Google says it's "99.9 percent" sure it will close down its Google.cn web-search business in China rather than comply with government policies on internet censorship (primarily focused on squelching protests). The statement comes two months after the search giant first threatened to stop censoring search results for Chinese users, and days after it was rebuked for being "unfriendly and irresponsible." Is Google admirably living up to its "Don't be evil" slogan — or just screwing up its business?
Google's fighting the good fight: While the standoff did not force China to capitulate on censorship, says Greg Sterling in Search Engine Land, Google should still be congratulated for sticking with its "bold and uncompromising public position." By hurting its own interests to shine a light on China's "evil" censorship, Google is clearly obeying "its mantra."
"Google looks to shutter China search operation..."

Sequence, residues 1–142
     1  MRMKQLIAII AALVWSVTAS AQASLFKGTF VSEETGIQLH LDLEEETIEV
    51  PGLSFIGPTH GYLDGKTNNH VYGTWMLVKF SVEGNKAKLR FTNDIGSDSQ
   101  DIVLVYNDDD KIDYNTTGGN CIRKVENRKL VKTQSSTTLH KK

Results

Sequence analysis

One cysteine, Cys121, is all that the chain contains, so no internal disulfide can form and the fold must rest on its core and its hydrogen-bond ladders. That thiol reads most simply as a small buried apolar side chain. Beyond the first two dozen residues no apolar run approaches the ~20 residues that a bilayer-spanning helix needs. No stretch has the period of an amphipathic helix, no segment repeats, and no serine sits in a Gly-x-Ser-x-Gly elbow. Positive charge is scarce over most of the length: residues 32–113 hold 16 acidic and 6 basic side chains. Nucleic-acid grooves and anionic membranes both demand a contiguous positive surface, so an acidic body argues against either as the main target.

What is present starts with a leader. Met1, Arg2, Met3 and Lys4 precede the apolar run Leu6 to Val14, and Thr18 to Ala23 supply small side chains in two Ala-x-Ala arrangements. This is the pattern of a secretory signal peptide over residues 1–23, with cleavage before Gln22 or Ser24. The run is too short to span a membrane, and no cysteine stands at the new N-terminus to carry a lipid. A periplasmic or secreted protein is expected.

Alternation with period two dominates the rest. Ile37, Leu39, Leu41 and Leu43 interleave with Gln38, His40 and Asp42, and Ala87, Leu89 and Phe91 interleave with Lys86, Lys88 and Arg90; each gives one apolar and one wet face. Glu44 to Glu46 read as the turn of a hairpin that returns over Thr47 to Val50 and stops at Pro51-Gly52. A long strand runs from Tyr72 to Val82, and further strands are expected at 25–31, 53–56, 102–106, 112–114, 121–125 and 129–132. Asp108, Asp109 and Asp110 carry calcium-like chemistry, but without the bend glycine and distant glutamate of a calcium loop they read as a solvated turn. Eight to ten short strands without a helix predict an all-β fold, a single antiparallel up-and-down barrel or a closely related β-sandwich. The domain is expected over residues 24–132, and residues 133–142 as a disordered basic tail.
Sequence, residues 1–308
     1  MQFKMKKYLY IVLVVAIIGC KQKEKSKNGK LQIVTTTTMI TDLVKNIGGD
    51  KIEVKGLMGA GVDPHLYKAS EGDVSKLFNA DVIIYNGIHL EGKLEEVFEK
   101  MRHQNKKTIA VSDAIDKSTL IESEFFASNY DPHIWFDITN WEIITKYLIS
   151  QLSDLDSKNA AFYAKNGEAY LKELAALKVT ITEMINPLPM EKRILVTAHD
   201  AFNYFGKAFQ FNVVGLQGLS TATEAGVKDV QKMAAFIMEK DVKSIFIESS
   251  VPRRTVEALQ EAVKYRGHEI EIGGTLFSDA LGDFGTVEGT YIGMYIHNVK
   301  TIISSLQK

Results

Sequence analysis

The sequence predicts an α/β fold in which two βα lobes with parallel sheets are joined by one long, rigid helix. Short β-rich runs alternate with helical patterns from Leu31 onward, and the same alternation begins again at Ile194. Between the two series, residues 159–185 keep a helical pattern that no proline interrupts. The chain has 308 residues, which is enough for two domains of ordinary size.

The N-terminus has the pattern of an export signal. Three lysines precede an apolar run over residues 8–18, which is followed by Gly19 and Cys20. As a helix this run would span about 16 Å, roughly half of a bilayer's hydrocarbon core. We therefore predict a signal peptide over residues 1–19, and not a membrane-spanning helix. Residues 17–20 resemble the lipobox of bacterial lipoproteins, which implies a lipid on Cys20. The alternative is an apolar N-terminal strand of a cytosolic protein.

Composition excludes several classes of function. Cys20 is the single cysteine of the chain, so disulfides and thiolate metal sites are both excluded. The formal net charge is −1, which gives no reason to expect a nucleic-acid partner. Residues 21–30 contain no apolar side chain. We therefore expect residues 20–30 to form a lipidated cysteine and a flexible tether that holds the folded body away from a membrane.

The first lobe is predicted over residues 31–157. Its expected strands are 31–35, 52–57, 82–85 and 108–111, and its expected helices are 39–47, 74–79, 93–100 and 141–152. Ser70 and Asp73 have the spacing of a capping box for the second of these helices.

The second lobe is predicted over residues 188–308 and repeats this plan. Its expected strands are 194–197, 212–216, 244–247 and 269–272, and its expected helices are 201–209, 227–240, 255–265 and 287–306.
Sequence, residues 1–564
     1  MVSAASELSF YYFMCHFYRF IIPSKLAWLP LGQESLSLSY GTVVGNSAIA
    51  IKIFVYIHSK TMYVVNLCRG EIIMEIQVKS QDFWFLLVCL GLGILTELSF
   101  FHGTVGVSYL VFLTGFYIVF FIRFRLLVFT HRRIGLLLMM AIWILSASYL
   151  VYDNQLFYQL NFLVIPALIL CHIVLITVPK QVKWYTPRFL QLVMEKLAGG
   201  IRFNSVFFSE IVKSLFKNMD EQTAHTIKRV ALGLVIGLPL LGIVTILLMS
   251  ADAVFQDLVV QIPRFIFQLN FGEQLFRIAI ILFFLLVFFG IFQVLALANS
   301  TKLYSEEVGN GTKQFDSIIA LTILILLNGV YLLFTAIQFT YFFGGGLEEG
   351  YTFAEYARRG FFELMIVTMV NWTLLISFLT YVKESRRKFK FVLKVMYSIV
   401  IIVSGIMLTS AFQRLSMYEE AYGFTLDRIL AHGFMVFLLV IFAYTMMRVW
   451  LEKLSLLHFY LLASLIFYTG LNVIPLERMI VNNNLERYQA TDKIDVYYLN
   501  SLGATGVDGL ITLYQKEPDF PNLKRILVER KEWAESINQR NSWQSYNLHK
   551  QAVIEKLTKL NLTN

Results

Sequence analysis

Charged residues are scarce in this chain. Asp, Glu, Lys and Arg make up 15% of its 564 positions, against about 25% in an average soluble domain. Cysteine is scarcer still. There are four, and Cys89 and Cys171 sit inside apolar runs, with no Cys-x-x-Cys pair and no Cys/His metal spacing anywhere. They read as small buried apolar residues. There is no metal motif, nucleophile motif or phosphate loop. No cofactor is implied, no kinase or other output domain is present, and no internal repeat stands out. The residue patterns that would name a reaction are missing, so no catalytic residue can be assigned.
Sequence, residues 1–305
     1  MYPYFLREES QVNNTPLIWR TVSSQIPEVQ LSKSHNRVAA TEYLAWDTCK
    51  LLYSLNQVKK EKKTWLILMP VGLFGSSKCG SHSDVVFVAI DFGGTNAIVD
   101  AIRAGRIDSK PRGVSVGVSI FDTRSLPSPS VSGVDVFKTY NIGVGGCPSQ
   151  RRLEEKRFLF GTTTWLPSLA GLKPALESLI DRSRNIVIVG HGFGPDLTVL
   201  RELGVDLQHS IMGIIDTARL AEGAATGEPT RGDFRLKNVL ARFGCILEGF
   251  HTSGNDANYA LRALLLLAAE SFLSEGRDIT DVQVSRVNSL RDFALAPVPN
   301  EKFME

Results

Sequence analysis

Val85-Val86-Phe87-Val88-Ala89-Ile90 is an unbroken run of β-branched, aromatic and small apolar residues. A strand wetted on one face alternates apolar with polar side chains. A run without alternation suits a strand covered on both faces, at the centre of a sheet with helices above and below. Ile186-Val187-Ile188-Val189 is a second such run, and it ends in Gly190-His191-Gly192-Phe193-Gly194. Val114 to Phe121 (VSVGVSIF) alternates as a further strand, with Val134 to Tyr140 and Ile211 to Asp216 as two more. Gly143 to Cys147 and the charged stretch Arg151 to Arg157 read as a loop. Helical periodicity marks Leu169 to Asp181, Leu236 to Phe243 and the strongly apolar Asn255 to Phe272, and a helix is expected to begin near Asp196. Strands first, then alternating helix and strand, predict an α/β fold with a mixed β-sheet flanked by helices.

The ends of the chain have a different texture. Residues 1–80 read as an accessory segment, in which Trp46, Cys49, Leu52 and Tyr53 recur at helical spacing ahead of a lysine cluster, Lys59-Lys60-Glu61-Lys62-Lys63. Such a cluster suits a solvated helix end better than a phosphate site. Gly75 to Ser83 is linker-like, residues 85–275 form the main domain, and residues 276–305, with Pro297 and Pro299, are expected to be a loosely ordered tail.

Google missed its chance: This principled stand against censorship would have had "enormous" impact — if Google had followed through two months ago, says Ben Parr at Mashable. But thanks to its "indecisiveness," China won, and nothing will change. Besides, Google's plans to keep "the rest of its China pie" — Android and ad sales — further undercuts its stance.
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Google needs to go all the way: Google is "naive" if it thinks its non-search businesses will survive in China, says Bill Bishop in The Business Insider. The Chinese government won't forget the "damage" that even the belated closure of Google.cn will do to China's image in the eyes of both foreign businesses and its own middle class. So Google might as well stop filtering results now and "go out in a blaze of glory."
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